Lost + Found
Tiger Strikes Asteroid LA
through March 3
Written by Shana Nys Dambrot
Between nature and not-sure, in “Lost + Found” four artists bend the dynamics of assemblage and found-object collage to serve their own narratives. While each artist employs a variation on familiar processes and techniques for sourcing the found materials from which they compose (thrift stores, personal/family archives, nature walks, craft stores), each operates with proprietary personal styles and intentions which yield eclectic, resonant results.
Erin Trefry deconstructs garments and accessories such as leather handbags, belts, and the like, some belonging to her mother, and reconfigures their skins and bones into almost tribal, anthropological specimens. The larger work presents like a bas-relief friezes, while the smaller is decidedly skull- or mask-like. Both are anatomical, in their arrangements of symmetry and skeleton; leather is already skin, wood is already a framing material, and as both are exposed, the larger work has more in common with cubism than what might be conventionally understood assemblage. It’s like a Louise Nevelson with zippers and fringe. In each piece, the richness of their tanned black tones while not paint yet reads as pigment.
Kyla Hansen’s assemblage practice belongs both to the scavenger-gatherer aesthetic of the desert, and to a perspective culled from eco-feminism. Her salvaged materials are specifically accrued to formulate ideas and images at the intersection of gender and landscape. Known for her industrial-tape geodes, which are perhaps more explicit in their nature/female body allegories, Hansen’s large-scale work at TSA speaks to a different kind of layering. The process of quilting is built on the artful arrangement of patterns made from scraps, to which Jansen adds other kinds of remnants and discarded things like stumps of wood, well-worn ceramics and roughly used color-field grounds. The concentric geometry of the quilted pattern echoes the caves of her geodes and all the vulvic stuff which that implies, but the act of quilting is also one of those womens-work tropes that could stand to be subverted.
Gloria Sanchez also deals with feminine idioms and particularly those from a matriarchal family culture. Her work is both more deeply personal and more overtly narrative than that of her show-mates; its structures by turn altar-like or evocative of a reliquary. She figuratively and quite literally weaves together autobiographical and cultural tradition and history, but augmented, interrupted and enriched in dialogue with natural forms as well. The larger of her two pieces is like a huge nest, its conical shape and tornado of form sweeps up within its fibrous walls dried kindling, pink ribbons, vintage photographs, dark plaits of hair, and the shimmer of gold dust. The smaller one is like a tiny hanging garden of neon-pink keepsakes, button cacti made from tufts of hair, bursting through a gridded wire cage like a nursery plank. While abstract in its organic forms and the artificial coloration of its polka-dot spray, from a distance it radiates the faint echoes of portraiture.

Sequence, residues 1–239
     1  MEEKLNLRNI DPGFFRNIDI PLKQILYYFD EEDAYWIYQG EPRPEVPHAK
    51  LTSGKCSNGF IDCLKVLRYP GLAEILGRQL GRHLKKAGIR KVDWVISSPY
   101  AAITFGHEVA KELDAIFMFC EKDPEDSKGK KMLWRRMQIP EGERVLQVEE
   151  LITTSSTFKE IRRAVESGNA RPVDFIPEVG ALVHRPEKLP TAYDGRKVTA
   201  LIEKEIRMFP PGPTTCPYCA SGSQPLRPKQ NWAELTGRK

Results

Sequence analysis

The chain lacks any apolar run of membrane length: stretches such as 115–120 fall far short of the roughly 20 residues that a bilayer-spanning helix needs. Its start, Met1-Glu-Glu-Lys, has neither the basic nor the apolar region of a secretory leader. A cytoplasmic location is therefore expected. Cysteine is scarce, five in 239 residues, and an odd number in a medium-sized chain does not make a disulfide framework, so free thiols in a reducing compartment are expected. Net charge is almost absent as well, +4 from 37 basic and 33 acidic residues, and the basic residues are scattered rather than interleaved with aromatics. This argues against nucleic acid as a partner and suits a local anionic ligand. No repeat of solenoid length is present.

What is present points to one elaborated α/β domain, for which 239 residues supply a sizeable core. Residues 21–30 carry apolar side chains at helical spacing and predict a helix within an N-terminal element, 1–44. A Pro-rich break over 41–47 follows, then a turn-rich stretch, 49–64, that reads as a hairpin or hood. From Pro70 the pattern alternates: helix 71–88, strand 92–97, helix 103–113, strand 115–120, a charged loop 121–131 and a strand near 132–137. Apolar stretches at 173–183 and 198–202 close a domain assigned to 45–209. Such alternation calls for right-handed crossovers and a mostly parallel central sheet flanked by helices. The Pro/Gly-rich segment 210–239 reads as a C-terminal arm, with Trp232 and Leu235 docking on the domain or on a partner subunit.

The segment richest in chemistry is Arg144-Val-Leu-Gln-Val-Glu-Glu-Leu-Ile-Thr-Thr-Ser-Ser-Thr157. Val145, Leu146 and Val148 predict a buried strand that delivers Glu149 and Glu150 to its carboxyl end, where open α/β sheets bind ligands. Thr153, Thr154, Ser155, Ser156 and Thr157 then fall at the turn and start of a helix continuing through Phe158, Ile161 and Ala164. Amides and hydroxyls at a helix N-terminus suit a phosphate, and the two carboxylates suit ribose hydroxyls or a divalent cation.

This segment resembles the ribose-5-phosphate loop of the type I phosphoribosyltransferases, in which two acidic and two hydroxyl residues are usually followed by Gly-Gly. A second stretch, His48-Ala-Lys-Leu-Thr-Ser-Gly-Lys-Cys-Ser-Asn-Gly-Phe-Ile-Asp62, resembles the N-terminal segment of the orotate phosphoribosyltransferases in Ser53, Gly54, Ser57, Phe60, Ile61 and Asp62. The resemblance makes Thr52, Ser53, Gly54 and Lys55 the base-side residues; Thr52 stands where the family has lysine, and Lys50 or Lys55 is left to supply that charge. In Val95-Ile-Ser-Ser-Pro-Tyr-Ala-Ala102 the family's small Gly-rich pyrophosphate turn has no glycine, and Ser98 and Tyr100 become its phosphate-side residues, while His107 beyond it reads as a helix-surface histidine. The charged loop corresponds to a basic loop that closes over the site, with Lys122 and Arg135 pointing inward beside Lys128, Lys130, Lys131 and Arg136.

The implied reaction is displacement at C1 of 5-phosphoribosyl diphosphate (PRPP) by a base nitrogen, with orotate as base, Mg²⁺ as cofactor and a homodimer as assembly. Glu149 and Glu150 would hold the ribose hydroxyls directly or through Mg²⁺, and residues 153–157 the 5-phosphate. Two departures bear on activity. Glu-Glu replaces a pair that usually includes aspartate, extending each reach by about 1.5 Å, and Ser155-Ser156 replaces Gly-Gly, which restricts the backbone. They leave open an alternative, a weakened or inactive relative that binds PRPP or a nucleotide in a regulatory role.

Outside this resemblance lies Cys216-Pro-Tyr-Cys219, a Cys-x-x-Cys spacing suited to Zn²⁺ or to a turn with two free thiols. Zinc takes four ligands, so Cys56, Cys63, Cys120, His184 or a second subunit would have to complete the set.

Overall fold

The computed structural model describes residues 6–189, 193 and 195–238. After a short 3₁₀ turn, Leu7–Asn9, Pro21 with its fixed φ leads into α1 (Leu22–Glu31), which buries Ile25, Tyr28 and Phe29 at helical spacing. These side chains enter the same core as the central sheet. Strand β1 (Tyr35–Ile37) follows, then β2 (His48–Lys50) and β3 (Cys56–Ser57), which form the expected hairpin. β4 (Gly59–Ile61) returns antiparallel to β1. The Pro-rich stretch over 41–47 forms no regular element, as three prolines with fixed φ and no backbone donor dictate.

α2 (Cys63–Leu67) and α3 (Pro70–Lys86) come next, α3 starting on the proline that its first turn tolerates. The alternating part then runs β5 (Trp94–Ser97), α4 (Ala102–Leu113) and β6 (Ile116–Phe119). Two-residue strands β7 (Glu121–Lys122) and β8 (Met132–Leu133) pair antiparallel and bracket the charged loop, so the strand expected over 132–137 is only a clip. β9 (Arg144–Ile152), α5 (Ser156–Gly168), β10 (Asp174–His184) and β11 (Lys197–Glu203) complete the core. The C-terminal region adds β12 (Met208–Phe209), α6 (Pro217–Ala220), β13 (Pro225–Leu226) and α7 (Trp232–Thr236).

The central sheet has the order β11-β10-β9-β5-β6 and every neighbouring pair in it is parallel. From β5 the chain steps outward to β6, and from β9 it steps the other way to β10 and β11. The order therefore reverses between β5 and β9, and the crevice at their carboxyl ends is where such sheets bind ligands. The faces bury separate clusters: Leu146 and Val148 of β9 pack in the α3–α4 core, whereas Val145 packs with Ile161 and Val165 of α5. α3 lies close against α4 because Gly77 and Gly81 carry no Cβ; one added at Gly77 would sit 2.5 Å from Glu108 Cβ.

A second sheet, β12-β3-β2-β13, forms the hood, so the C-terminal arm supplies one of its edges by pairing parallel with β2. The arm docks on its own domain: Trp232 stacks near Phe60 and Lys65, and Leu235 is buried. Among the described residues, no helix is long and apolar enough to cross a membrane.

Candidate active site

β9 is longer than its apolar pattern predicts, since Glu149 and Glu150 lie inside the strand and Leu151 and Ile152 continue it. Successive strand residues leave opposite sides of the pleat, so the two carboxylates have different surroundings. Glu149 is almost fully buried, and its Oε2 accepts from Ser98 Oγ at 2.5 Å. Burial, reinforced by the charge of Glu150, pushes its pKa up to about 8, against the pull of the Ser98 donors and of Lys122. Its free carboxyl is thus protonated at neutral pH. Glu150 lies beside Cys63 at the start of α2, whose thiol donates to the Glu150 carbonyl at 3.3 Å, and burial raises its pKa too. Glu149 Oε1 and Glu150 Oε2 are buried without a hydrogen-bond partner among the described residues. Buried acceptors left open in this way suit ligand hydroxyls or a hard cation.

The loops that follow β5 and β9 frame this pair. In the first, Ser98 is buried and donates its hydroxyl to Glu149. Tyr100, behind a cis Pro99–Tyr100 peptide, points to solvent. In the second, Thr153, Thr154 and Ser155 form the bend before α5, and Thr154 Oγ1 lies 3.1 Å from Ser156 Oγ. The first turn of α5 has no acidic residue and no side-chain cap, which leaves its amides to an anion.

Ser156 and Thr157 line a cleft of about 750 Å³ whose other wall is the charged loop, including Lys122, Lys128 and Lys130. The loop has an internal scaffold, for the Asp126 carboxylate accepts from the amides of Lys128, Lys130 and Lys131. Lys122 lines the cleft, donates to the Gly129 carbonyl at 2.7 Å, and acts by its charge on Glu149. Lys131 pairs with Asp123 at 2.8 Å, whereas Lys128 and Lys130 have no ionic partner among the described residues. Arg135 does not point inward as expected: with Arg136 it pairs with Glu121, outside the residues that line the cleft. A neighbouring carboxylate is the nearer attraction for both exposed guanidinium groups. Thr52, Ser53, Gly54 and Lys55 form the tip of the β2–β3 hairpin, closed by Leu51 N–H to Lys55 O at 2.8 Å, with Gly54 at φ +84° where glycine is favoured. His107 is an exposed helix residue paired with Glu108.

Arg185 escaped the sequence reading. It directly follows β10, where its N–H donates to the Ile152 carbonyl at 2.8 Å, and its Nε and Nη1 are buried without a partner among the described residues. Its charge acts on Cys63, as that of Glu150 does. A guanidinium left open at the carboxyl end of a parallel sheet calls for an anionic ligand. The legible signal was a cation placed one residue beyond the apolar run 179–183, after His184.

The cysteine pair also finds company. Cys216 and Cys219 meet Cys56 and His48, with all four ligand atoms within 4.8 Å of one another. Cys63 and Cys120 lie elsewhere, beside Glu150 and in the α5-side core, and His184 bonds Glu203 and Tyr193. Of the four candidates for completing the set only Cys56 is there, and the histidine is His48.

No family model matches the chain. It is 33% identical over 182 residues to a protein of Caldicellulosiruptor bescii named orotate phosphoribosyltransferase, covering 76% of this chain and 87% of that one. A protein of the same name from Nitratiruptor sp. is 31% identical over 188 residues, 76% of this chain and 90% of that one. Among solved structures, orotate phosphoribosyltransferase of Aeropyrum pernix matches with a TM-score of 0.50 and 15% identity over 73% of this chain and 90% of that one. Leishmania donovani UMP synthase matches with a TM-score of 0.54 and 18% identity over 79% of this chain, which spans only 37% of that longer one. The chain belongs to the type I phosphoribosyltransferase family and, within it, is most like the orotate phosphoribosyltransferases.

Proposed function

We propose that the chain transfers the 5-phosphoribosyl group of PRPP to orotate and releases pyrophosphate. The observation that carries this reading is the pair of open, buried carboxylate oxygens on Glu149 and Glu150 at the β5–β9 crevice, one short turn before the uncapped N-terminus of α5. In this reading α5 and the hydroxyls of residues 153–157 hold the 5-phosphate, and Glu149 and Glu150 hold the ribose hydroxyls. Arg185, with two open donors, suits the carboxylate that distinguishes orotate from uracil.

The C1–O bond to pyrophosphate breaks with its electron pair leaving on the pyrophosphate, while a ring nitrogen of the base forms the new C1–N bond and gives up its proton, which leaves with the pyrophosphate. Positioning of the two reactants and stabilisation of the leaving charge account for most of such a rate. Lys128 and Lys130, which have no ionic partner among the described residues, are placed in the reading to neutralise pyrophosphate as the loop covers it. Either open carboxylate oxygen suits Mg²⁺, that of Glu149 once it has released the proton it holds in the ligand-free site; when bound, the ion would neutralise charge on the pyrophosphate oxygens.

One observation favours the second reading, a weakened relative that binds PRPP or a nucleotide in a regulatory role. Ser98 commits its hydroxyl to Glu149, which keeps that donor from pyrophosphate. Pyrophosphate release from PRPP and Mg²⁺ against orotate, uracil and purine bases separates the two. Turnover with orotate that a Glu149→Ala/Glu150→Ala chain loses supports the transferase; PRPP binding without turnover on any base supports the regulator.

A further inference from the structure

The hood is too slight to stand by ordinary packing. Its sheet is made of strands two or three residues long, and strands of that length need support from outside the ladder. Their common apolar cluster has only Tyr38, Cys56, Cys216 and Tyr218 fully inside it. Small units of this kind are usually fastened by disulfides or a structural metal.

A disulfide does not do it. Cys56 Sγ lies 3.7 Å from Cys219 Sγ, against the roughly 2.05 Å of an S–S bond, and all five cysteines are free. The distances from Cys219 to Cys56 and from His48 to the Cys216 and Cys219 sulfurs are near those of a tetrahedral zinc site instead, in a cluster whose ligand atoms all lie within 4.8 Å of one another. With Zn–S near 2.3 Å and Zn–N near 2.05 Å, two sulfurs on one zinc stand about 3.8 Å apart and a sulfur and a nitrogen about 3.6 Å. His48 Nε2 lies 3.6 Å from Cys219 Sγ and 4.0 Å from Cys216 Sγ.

Clifford Eberly has constructed a single large-scale sculpture, attached to the floor and wall as though anchored, a site-responsive skeletal shelter, a web of tendrils and creeping vines on a tent-pole trellis. Every thread is simultaneously the load-bearing armature, the delicate thing itself, and the vessel for presenting the many tiny treasures knotted into its rope. The artist seems to be making a sort of slow-motion flowchart archive of important stuff he found along the way, woven together like a fractal conspiracy-theory dream-catcher of the everyday — a soft-sculpture sundial, a pagan knit-henge of shells, hair, plastic, ribbon, fine mesh and fabrics worthy of being a fabulous ceremonial garment and an altar rolled into one.
There is a further aspect of the performative to work made in the way, a quality conjured in the minds of the audiences who can’t help but imagine the previous lives of the repurposed materials. As curated by Stacy Wendt, the thoughtful selections tease out resonant elements between and among the four artists, while maintaining the unique voice of each, making a case for the diversity and strength of this genre. As the wonderment of the “what is it made of” mystery prompts audiences to pay closer attention to the “what is it now” presentation, they arrive at a more lingering and fuller experience that encompasses the artist’s process — finally imparting an appreciation for the beauty, power, and hidden storytelling potential of the allegedly unremarkable things we take for granted every day.
Tiger Strikes Asteroid LA
Bendix Building, 1206 Maple Ave. #523, Los Angeles.